Technologies That Seemed Crazy But Are Now A Part Of Everyday Life


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Just Imagine Having To Go To The Store Every Time You Wanted To Buy Something

It seems like technologies across the board are only ramping up in terms of just how fast they continue to evolve. ChatGPT sprang on the scene on November 30, 2022, and made tidal waves across the tech industry. What was once taken to be another attempt at artificially generated content like articles and images, quickly took on a life of its own. 

We want to look further back though, and pay respects to the technologies that initially seemed too advanced, niche, or unusual to become widely embraced, but have now become part of our daily lives.

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1. Smartphones

As you very well may be reading this from your handy smartphone, it’s only fitting that we kick this list off with smartphones. In the early 2000s you could see the shift occurring where what was once viewed as a borderline obnoxious luxury, quickly evolved to be a commonly used technology. 

The first iPhone made its debut in 2007, and  Android released their operating system the following year. From there the smartphone movement caught on like wildfire. These days, you’re either committed to not having a smartphone for financial or health reasons (mental and/or physical), or you’re one of the world's estimated 4.8 billion smartphone users who is just trying to keep up with the times. 

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2. Wi-Fi

Back in 2007, the groundwork was laid for a world where Wi-Fi-enabled smartphones would become commonplace. What had began as a status quo-challenging technological invention to provide people the ability to use the internet without dial-up or using an ethernet cord, became nothing short of common practice. 

By 2012, Wi-Fi was present in at least 25% of the homes across the world. Now, not only are you usually counting on having Wi-Fi in your home, but even a nice coffeeshop will lose your business if they don’t have reliable Wi-Fi.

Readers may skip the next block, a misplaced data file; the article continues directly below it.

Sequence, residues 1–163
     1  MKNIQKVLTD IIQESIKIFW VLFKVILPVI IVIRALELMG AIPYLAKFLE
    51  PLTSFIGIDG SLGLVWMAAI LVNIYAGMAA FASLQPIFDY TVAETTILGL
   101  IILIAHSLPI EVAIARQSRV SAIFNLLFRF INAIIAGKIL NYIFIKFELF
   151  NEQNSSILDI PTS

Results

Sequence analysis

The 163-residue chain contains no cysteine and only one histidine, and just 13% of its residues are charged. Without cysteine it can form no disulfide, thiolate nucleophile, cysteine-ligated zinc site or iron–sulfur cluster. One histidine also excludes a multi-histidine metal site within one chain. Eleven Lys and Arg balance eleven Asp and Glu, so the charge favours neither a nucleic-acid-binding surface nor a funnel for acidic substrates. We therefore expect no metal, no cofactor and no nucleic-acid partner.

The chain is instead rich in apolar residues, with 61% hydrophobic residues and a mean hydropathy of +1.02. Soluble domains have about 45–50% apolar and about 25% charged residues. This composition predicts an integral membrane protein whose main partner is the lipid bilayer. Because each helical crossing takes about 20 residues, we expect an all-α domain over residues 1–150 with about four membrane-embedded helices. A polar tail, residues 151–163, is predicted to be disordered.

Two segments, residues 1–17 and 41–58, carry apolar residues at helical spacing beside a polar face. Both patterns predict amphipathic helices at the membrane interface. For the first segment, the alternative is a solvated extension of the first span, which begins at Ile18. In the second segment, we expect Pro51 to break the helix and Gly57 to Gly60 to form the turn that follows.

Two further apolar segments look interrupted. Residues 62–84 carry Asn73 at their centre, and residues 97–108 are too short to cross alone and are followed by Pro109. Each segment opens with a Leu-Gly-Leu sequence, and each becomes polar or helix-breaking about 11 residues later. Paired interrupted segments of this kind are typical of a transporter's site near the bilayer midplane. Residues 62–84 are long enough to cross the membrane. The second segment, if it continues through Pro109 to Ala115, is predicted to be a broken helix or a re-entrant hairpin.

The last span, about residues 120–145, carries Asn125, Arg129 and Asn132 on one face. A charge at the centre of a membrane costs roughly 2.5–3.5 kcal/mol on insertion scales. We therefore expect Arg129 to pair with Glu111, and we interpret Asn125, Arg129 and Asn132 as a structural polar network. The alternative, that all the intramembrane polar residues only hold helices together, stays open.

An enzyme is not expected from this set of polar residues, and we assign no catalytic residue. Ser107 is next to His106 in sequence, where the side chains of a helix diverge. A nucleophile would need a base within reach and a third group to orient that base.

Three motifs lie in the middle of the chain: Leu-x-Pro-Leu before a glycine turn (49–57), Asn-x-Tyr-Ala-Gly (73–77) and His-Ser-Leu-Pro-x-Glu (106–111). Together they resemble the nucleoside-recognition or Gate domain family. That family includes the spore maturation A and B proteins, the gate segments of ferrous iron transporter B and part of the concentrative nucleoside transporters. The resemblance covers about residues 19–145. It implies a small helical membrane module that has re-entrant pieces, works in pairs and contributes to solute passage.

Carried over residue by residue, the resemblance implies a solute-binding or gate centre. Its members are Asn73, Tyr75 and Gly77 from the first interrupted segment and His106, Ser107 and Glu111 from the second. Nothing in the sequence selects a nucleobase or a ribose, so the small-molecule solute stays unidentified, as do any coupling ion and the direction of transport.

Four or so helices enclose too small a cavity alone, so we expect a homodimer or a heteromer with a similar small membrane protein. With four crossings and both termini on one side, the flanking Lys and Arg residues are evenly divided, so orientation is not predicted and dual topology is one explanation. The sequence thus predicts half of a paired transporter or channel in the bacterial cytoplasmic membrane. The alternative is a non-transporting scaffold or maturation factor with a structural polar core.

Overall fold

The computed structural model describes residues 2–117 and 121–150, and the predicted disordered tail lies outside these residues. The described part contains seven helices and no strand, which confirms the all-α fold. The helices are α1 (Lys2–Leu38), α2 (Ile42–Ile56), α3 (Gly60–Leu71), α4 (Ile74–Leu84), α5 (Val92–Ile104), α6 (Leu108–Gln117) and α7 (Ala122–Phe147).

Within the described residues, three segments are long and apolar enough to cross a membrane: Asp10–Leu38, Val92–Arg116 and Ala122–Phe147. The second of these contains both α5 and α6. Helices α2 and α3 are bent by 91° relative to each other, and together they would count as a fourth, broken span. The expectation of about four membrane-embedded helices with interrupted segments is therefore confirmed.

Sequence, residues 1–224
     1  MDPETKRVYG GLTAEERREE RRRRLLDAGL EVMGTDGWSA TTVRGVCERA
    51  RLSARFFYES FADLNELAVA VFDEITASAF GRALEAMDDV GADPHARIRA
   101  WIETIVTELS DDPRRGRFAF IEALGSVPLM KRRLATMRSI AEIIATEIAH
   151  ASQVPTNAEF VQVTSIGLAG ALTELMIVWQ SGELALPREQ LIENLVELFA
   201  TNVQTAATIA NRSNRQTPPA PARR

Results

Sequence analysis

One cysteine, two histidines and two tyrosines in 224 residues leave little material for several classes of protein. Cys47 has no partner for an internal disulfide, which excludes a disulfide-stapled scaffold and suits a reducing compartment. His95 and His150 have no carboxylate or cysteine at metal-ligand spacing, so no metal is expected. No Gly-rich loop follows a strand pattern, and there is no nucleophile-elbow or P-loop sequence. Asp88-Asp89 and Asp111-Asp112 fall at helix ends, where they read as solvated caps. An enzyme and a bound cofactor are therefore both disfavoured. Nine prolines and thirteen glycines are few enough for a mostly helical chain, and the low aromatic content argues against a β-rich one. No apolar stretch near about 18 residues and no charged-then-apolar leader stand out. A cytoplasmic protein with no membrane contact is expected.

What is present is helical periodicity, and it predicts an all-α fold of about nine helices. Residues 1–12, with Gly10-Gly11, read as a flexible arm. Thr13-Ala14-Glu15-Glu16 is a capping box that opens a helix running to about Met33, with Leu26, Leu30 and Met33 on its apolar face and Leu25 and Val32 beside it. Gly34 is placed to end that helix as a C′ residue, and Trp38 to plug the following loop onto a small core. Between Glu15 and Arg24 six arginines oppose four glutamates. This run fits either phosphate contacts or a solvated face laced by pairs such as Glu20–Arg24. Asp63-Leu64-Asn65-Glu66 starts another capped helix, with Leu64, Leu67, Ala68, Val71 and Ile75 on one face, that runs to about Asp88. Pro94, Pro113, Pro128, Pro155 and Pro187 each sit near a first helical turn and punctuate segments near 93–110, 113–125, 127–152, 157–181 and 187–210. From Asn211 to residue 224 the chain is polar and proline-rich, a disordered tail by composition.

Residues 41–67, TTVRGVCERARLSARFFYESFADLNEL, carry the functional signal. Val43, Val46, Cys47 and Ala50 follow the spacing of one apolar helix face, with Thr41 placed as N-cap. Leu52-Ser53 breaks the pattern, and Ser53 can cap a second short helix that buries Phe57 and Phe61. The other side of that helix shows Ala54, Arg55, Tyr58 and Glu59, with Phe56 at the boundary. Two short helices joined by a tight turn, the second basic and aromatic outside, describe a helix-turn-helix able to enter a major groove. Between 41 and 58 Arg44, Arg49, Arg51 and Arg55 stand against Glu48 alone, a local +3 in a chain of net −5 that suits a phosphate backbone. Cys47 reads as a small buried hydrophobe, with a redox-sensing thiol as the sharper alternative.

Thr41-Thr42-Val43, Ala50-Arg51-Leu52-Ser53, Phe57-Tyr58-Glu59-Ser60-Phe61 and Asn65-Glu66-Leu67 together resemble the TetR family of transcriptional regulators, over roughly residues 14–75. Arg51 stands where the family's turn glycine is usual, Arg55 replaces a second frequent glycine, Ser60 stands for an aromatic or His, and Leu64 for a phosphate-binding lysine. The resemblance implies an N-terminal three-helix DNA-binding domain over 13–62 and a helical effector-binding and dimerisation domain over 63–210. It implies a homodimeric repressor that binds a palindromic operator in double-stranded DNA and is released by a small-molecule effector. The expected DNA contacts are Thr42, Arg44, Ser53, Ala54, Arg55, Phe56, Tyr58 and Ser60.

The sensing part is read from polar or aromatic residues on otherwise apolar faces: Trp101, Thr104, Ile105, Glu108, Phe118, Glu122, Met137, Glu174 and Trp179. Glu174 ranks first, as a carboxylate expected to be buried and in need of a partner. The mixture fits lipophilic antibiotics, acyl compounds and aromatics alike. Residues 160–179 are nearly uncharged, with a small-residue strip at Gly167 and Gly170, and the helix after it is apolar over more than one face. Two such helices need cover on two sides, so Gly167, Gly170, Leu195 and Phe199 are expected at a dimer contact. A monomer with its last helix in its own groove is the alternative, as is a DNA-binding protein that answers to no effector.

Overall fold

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3. Online Shopping

As hard as it may be to believe there was a day not even in the distant past where if you wanted that new jacket or pair of shoes, you definitely had to make a run to the store or mall that had your wish list item in stock. Then, around the mid-1990s the titans of the online marketplace industry upended the world as we once knew it. 

By February 2005, a company like Amazon that began only selling books, evolved to sell pretty much anything that you can think of thanks to their launching of Prime subscriptions. Even at their launch they had over 1 million in-stock items. Suffice to say, that number can’t hold a candle to where things are at for them nowadays. 

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4. Social Media

Nowadays, you’re going to inspire some confused and occasionally dramatic reactions when you share with someone that you aren't on social media. What once began as a novel and foreign technological innovation through mediums like Friendster, MySpace, and LinkedIn back in the early 2000s quickly spiraled out of control. A large part of that can be attributed to Facebook making its big splash in 2004. Then, it was a perfect storm.